The attorney representing ‘Jane Roe’ Norma McCorvey in the Roe v. The landmark Wade passed away

SARAH Weddington, the attorney who represented “Jane Roe” Norma McCorvey in the Roe v. Wade case, has died at the age of 76, according to Texas officials.

Susan Hays, one of Weddington’s former students, said Weddington died while sleeping at her home in Austin.

“Sarah Weddington passed away this morning after a series of health problems. With Linda Coffee, she filed the first case of her legal career, Roe v. Wade, fresh out of law school.” write Hays, who is running for Texas Agriculture Commissioner.

“She’s my professor at UT, the best writing instructor I’ve ever had, and a great mentor.”

Texas Representative John Bucy III called Weddington a “Texas Giants.”

“Don’t sue Roe v. Wade, served in Texas At home, by supporting countless women to enter politics, she has left a legacy of fighting for progress that is almost second to none. ”

Councilor Vanessa Fuentes wrote: “Rest in Peace with Texas pioneer Sarah Weddington. “Everybody feels your legacy in fighting for women’s reproductive rights and supporting women in politics.


Weddington earned a bachelor’s degree from McMurry University and attended the University of Texas School of Law.

After graduating, she joined a group of graduate students from the University of Texas-Austin to research ways to challenge anti-abortion statutes.

It was in 1970 when she met a pregnant McCorvey seeking an abortion. Weddington and Coffee filed a lawsuit against Dallas County District Attorney Henry Wade, who is responsible for the anti-abortion act.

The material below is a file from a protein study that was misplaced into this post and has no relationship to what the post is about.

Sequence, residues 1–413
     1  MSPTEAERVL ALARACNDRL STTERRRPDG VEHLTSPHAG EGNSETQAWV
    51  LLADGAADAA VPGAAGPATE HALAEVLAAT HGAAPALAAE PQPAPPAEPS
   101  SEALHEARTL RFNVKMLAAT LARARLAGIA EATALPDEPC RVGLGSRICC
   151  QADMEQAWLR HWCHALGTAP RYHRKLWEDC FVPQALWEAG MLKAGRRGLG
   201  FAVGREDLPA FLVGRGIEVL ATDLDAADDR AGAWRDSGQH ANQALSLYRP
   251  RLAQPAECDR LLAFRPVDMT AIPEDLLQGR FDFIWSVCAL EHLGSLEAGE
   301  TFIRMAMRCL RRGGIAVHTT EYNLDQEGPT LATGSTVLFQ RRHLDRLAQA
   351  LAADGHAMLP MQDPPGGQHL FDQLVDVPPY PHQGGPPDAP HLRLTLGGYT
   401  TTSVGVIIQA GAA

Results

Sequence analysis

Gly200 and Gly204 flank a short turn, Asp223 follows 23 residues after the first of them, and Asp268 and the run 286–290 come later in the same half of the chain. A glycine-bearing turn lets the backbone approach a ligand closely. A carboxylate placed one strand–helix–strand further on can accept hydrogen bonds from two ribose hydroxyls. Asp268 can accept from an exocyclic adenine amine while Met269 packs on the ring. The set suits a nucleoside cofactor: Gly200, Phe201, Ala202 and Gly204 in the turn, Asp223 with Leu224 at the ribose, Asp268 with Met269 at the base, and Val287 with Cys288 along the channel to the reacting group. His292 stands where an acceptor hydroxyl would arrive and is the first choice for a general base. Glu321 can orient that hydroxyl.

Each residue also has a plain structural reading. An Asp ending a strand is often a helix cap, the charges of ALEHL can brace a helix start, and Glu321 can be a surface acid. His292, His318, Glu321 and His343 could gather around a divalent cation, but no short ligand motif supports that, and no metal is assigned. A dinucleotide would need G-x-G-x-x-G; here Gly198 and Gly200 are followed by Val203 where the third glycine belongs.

To protect his identity, McCorvey is referred to as “Jane Roe” in legal documents.

The Dallas courts agreed that Texas abortion law was unconstitutional but the state appealed the decision, taking the case to the US Supreme Court.

At age 26, Weddington argued before the Supreme Court based on her arguments for Amendments 1, 4, 5, 8, 9, and 14 and the Court’s earlier decision in the legal Griswold v. Connecticut case commercialize the sale of contraceptives.

In January 1973, the Court overturned Texas’ abortion law by a 7-2 majority, legalizing abortion throughout the United States.

Following the case, Weddington was elected to the Texas House of Representatives three times and spoke at the 1977 National Convention of Women in Houston about women’s reproductive freedom.

She also served in the United States Department of Agriculture in 1977 and was an assistant to President Jimmy Carter from 1978 to 1981.

More to follow…

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